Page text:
OSWESTRY residents had an opportunity to share their discontent with the proposed changes to two Shropshire hospitals.

The Royal Shrewsbury Hospital and Princess Royal Hospital of Telford have been at the centre of a healthcare shake up of planned and emergency care.

Oswestry Town Council held a public meeting to discuss the Future Fit plans yesterday (Tuesday, July 24) at the Wynnstay Hotel in where people came to present their concerns to a panel of speakers.

One of the hospitals is set to become a planned care site, while the other takes on the role of providing emergency care.

The preferred option for clinical commissioning groups in Shropshire and Telford and Wrekin is to have emergency care and RSH and planned care in Telford.

Both sites would also provide care 24 hours a day, seven days a week from new urgent care centres.

The CCGs claim that the proposed changes would ensure high quality, safe services for those working and living in the region.

They also say that the new plans are intended to make working conditions less stressful for staff, and more specific services will allow doctors and nurses to practice in their preferred roles.

The reasons provided did not seem to satisfy the members of the public at the meeting however, with the majority in attendance holding the belief that the plans are nothing but a mask for healthcare cutbacks in the region.

Neil Graham, from St Martins, voiced his displeasure. He said: “The new ethos at the NHS is supposed to be to see to the patients’ needs, whereas you seem to be focusing too heavily on the financial side rather than the needs of the county.

“I wouldn’t call it future fit, I’d call it future cuts, because it seems to me as though you’re too focused on cuts rather than keeping me and the rest of the people in the region healthy”.

Funding was at the forefront of many of the issues raised by the public at the meeting, with town councillor Duncan Kerr raising his concerns about loan repayments for the redevelopments.

He said: “You say you’ve been given £312 million, but you haven’t you’ve had permission to borrow that sum.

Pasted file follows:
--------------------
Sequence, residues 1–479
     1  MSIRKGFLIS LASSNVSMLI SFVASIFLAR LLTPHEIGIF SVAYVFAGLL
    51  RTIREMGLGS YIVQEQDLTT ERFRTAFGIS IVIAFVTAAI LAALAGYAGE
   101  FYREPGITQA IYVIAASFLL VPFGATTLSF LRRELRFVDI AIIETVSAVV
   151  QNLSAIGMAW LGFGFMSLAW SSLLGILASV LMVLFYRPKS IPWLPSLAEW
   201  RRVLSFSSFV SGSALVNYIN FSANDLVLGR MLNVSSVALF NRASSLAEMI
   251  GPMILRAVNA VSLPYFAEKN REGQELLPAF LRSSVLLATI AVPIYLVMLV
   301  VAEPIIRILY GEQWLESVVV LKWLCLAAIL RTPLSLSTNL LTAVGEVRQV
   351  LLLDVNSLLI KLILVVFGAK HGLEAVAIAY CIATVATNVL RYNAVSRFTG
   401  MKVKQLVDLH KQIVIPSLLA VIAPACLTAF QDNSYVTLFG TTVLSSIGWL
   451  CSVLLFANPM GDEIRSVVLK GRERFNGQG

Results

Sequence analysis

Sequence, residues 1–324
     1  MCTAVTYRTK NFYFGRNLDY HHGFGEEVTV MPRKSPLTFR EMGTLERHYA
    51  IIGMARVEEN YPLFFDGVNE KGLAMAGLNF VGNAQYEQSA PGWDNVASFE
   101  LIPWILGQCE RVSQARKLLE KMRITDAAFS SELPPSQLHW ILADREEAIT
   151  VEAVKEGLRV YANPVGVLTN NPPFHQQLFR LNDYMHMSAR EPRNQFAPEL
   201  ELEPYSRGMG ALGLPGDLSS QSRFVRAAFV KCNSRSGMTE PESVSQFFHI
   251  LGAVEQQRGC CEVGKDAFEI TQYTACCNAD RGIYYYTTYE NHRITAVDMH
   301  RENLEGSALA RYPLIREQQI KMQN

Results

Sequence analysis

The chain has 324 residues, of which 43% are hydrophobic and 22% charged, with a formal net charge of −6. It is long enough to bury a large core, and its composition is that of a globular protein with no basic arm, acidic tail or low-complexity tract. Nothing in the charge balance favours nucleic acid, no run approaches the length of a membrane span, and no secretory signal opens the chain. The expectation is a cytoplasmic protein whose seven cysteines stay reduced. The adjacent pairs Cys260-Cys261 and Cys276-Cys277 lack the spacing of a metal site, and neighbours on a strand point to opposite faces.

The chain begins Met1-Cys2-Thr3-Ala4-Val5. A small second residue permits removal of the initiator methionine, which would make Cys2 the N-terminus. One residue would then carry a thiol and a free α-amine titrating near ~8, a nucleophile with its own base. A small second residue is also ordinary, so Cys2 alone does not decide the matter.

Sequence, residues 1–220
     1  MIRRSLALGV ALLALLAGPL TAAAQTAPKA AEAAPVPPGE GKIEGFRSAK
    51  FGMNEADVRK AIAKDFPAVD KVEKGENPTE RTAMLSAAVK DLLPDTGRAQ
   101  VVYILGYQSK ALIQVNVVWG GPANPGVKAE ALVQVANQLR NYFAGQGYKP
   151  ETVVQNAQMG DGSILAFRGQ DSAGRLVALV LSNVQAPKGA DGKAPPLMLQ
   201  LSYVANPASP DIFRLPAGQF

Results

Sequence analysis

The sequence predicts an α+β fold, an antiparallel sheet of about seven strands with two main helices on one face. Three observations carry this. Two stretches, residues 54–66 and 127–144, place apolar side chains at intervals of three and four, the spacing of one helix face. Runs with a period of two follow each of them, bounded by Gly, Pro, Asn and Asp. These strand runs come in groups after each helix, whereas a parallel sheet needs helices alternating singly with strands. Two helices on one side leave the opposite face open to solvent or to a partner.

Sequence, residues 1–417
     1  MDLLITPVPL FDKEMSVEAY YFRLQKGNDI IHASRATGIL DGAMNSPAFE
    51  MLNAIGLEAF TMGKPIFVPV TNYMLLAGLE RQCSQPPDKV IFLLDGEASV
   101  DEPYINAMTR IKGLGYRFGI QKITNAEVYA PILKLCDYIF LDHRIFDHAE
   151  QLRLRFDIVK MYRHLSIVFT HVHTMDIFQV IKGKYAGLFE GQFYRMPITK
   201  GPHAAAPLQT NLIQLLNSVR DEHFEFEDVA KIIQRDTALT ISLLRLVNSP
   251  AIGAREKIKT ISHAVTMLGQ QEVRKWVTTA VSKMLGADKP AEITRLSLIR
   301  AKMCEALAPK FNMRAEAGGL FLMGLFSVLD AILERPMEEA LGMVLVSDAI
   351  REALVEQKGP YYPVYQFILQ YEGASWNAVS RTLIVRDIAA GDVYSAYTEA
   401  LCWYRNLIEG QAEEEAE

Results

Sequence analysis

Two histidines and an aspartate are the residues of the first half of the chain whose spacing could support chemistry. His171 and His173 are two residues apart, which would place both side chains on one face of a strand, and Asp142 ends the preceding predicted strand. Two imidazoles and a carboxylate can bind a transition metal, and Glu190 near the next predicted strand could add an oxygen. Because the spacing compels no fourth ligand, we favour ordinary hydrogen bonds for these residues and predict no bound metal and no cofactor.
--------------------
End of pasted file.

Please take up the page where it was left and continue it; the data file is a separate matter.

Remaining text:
“If you were given it you wouldn’t have to pay it back, but now it’s us as the taxpayers who are going to have to foot the bill.”

Other issues raised by the public included how Future Fit planned to inform homeless people along with disabled and deaf groups about the choice they have, and whether they planned to contact every resident in the region with an information leaflet and survey.

The public’s views were followed by a talk given by Gill George, of Shropshire Defend Our NHS.

Ms George was quick to criticise the format in which Future Fit conducted their presentation, after they left before hearing her speak.

She said: “I have never before been in a public meeting in all my years of attending them, where half of the platform gets up and leaves to avoid listening to what the other half of the panel has to say.”

Ms George also referred to the plans as cost cutting procedures like the public had mentioned before her, and said that she hopes people strongly disagree with both options suggested by Future Fit.

She said: “These are not plans to make the community healthcare better for our region – this is part of a wider plan to squeeze £140 million out of the NHS budget.

“With that being said – what we want is for people to strongly disagree with option one, and also strongly disagree with option two.

“It’s our NHS, and if we don’t make a stand and fight for it, we will lose it.”

There is now another consultation meeting scheduled in Oswestry on August 15 where the public will once more have the opportunity to question Future Fit representatives and put forward their views.

The consultation closing date is midnight on Tuesday, September 4.

Nurse Tom Jones answered questions directed to the Future Fit panel and agreed that the changes are necessary to improve healthcare in Shropshire.

He said: “What we’re looking at are two hospitals struggling to maintain their emergency services, and the result is seeing the planned care services suffer and the two sides are having to compete for the same bed space.

“Under the new plan that wouldn’t happen, you’d have experts at each area with an increased amount of beds to accommodate patients.”